U.S. Attorney's Office Denies Accusations Against Prosecutor
Las Vegas, Nev. - Any implication that a federal prosecutor in Las Vegas expressed or implied that the Mayor of Las Vegas, the Sheriff, or any other public official was concerned that the release of information pertaining to a video tape used in the Detroit terrorism trial would negatively affect the economy or tourism industry is not true, announced Daniel G. Bogden, United States Attorney for the District of Nevada. Also untrue is any implication or allegation that an Assistant U.S. Attorney in Detroit pleaded with an Assistant U.S. Attorney in Las Vegas to take the video footage seriously.
No public official in the District of Nevada, including the Mayor of Las Vegas, has ever expressed concern to our Office that information pertaining to public safety should not be released because of any potential impact to the local economy, to include the gaming and hotel industry. Since the horrific events of September 11, 2001, this Office has worked diligently with federal, state, and local law enforcement, community leaders and private industry to ensure that information related to terrorism, or terrorist activity, is properly vetted with and disseminated to all persons or entities impacted by the information. To this end, the level of cooperation and communication experienced by this Office has been unprecedented. There are many factors that impact upon decisions pertaining to the type and quality of information that should be disseminated and when it should be disseminated, but the monetary impact of the information upon the local economy is not one of them.
In August 2002, this Office, through Assistant United States Attorney Sharon Lever, communicated with the United States Attorney's Office in Detroit to obtain information about a videotape that news accounts had characterized as a "surveillance tape" that, among other things, depicted sites in Las Vegas. Ms. Lever, who was acting in her capacity as the District's Anti-Terrorism Advisory Council Coordinator, sought the information because this Office had not learned of any such tape previous to the news accounts announcing the Second Superseding Indictment in the case of United States v. Karim Koubriti, et al. Ms. Lever further sought information from the U.S. Attorney's Office in Detroit as to why the videotape was characterized as a surveillance tape because this Office had no information to suggest that such a surveillance tape existed. Whatever the characterizations placed upon Ms. Lever's communications with the Assistant United States Attorney in the Detroit Office, Ms. Lever never expressed or implied concern that such information could not be released because of its potential effect upon the local economy, nor did she ever fail to act promptly and diligently with regard to the information concerning the Detroit videotape, or suggest that any law enforcement or public official failed to do so.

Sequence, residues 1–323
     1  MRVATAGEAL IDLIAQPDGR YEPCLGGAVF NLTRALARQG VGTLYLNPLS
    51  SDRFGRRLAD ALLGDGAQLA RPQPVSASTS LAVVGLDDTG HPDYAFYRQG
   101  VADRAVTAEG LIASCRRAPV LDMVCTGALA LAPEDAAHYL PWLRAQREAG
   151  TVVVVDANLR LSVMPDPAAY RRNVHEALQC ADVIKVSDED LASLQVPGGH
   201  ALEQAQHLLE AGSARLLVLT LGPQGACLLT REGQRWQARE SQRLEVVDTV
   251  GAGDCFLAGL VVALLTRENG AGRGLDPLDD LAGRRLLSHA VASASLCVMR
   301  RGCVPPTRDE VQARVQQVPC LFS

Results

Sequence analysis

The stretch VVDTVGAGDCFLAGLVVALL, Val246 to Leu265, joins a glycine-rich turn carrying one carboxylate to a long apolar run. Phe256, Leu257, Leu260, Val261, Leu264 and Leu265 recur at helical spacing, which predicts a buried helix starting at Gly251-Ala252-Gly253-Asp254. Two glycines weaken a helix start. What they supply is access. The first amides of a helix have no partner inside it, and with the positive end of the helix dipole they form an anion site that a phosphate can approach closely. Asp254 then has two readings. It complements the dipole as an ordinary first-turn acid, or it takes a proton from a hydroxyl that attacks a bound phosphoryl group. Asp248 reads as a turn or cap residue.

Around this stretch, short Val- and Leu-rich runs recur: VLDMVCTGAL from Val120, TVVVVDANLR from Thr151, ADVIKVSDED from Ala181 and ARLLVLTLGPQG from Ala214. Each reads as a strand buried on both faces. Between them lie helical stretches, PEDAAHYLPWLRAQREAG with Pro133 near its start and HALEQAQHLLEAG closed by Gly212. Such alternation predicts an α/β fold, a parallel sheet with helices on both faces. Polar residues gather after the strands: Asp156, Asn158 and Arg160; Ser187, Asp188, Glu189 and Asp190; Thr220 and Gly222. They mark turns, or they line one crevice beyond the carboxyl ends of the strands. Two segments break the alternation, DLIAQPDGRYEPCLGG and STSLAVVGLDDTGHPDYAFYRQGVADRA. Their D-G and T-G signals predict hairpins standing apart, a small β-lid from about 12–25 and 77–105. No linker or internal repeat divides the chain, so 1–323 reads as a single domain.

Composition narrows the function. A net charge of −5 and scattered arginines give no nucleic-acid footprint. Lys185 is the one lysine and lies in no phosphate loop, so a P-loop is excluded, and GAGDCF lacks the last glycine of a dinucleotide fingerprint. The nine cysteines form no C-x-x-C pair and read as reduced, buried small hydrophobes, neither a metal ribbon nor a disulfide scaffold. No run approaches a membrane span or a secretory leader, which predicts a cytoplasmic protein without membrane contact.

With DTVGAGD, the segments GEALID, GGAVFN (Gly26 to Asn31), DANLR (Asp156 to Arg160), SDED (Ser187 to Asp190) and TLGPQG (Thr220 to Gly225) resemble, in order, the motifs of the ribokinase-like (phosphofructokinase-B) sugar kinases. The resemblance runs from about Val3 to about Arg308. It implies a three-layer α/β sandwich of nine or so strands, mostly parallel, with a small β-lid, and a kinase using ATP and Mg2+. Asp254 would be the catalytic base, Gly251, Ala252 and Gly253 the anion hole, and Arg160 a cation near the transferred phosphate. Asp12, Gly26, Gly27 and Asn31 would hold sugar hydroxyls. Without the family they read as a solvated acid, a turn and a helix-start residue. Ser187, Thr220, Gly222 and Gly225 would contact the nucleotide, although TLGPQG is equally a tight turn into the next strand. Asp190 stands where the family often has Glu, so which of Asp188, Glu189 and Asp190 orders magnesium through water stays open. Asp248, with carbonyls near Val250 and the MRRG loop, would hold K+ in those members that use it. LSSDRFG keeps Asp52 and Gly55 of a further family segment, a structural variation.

The public is reminded that notwithstanding that the Federal Court in Detroit has temporarily lifted the gag order in the case of United States v. Karim Koubriti, et al., there still are post-trial matters pending that prevent the United States Attorney's Office from making further comments related to that case, this subject matter, or any other matters that may impact upon those proceedings.